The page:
-1
$\begingroup$

I want to create a regular expression for the language:

$L=\{w \in \{0,1\}\mid w \text{ does not contain 00 as a substring}\}.$

I've tried various things, but I can't seem to get the correct regular expression.

$\endgroup$

3 Answers 3

0
$\begingroup$

First, let's start by enumerating the building blocks of length 2.

S = { 01, 10, 11, 00 }

We can immediately remove 00

S = { 01, 10, 11 }

Next, notice 10 + 01 will create a sequence of 00. So, let's remove 01 (10 could also be removed.

S = { 10, 11 }

Our basic solution is (10 + 11)*

However, this does not account for Empty Set + 0 + 1. It also does not account for odd length strings.

Final Solution

(E + 0 + 1)(10 + 11)*
$\endgroup$
5
  • $\begingroup$ The (10 + 11)* assumes that 0s occur only in the second position out of every 2 characters. They could occur in the first position as well. $\endgroup$ Apr 19, 2020 at 13:53
  • $\begingroup$ what is the wrong in this regular? 1*(01+1)*0*1* $\endgroup$
    – khalid J-A
    Mar 21, 2021 at 10:04
  • $\begingroup$ I mean:`1*(01+1)*01* $\endgroup$
    – khalid J-A
    Mar 24, 2021 at 10:18
  • 1
    $\begingroup$ What about 110110? $\endgroup$
    – greybeard
    Apr 10, 2021 at 6:49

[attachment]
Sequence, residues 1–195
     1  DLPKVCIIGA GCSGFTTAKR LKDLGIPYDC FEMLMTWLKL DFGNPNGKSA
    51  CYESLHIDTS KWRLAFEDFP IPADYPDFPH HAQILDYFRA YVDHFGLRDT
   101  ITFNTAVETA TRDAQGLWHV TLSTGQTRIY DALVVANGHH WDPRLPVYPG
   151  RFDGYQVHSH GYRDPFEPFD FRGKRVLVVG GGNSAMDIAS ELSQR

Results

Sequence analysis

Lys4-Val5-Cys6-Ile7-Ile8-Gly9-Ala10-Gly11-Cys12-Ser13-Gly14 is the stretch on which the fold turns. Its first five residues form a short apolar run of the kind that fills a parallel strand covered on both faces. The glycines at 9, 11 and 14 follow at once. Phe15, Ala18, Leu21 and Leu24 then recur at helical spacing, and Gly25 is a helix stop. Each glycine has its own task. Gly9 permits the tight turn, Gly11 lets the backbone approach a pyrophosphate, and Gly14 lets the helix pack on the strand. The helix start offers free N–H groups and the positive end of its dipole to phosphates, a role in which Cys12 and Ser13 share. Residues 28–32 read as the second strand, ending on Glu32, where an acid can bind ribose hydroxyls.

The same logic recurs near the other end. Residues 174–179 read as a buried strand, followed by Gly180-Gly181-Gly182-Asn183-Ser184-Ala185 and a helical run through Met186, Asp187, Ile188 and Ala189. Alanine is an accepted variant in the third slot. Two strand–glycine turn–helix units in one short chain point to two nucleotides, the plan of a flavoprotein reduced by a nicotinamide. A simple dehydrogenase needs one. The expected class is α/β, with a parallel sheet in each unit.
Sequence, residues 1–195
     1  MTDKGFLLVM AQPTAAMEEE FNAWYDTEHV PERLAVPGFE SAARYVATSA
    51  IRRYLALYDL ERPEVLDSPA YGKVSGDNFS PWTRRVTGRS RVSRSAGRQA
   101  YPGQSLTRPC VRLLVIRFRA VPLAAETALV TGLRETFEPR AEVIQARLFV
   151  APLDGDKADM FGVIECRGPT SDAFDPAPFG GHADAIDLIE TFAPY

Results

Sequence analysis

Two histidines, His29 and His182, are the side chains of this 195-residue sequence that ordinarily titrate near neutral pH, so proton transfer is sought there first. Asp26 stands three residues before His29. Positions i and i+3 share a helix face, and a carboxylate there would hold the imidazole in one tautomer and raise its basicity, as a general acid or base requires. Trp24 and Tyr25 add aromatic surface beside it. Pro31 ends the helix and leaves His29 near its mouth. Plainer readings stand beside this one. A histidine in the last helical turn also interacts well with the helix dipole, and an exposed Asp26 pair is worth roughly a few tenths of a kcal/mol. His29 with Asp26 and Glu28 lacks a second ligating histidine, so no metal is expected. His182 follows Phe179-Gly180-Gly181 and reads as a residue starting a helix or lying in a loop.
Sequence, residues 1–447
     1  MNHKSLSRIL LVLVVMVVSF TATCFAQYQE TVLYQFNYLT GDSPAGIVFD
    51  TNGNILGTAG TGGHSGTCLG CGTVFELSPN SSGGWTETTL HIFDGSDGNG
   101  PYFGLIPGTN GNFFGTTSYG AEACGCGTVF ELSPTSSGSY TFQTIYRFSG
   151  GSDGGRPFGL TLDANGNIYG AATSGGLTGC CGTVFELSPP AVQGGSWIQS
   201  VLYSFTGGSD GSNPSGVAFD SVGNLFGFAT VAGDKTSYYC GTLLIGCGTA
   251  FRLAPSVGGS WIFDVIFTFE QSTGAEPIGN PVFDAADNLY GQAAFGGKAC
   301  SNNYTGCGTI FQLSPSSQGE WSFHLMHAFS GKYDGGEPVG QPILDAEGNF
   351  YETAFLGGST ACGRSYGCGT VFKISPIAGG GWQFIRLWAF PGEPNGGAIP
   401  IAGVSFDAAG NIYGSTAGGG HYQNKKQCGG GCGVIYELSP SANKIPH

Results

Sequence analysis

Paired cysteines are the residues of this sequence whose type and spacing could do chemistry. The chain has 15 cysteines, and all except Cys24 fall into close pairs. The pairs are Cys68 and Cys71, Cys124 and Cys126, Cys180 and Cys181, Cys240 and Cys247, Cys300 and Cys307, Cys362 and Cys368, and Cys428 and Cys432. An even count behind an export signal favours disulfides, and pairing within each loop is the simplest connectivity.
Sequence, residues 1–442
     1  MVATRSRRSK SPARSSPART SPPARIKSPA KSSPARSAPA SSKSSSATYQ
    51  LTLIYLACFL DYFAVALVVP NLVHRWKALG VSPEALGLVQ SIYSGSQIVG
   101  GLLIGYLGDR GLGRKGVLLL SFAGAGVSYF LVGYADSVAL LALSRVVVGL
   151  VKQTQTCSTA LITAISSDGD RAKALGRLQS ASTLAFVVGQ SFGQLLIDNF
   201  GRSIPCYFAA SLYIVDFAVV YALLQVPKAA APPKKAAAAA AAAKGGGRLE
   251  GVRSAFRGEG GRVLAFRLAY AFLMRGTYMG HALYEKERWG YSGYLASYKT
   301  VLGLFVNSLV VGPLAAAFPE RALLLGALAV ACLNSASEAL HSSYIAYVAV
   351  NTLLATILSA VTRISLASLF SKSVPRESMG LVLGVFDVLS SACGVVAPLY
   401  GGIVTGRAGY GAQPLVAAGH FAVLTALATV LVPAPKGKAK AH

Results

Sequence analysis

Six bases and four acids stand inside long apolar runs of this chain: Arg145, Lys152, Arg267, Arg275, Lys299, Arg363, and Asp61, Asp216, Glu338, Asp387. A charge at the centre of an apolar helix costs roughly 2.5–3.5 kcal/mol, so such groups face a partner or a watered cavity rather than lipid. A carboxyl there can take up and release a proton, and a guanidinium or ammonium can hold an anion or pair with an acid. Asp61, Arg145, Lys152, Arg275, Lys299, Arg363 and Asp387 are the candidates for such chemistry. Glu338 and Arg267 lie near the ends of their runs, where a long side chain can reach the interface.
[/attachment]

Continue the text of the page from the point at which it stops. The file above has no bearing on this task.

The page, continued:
• $\begingroup$ @greybeard, that's right. The RE requires all even length strings to start with 1. "01" would be the shortest string that is falsely not recognised. $\endgroup$
    – gnasher729
    Dec 5, 2023 at 15:55
1
$\begingroup$

It should be something like this:

$0?(10?)^*$

Accepts the empty string.

$0(10?)^*|(1^+0?)^+$

Does not accept the empty string.

$\endgroup$
1
$\begingroup$

Any of the following should work:

  1. $(1+01)^*(0+\epsilon)$
  2. $(0+\epsilon)(1+10)^*$
  3. $1^*(011^*)^*(0+\epsilon)$
  4. $(0+\epsilon)(11^*0)^*1^*$
$\endgroup$
2
  • $\begingroup$ (Watch out for markdown to eat characters like asterisks, which it considers special. Consider using $L^AT_EX$.) $\endgroup$
    – greybeard
    Apr 10, 2021 at 6:36
  • $\begingroup$ Does the asterisk in 10* apply to just the 0, or to 10? Can you please give a reference? $\endgroup$
    – greybeard
    Apr 10, 2021 at 6:53

Not the answer you're looking for? Browse other questions tagged or ask your own question.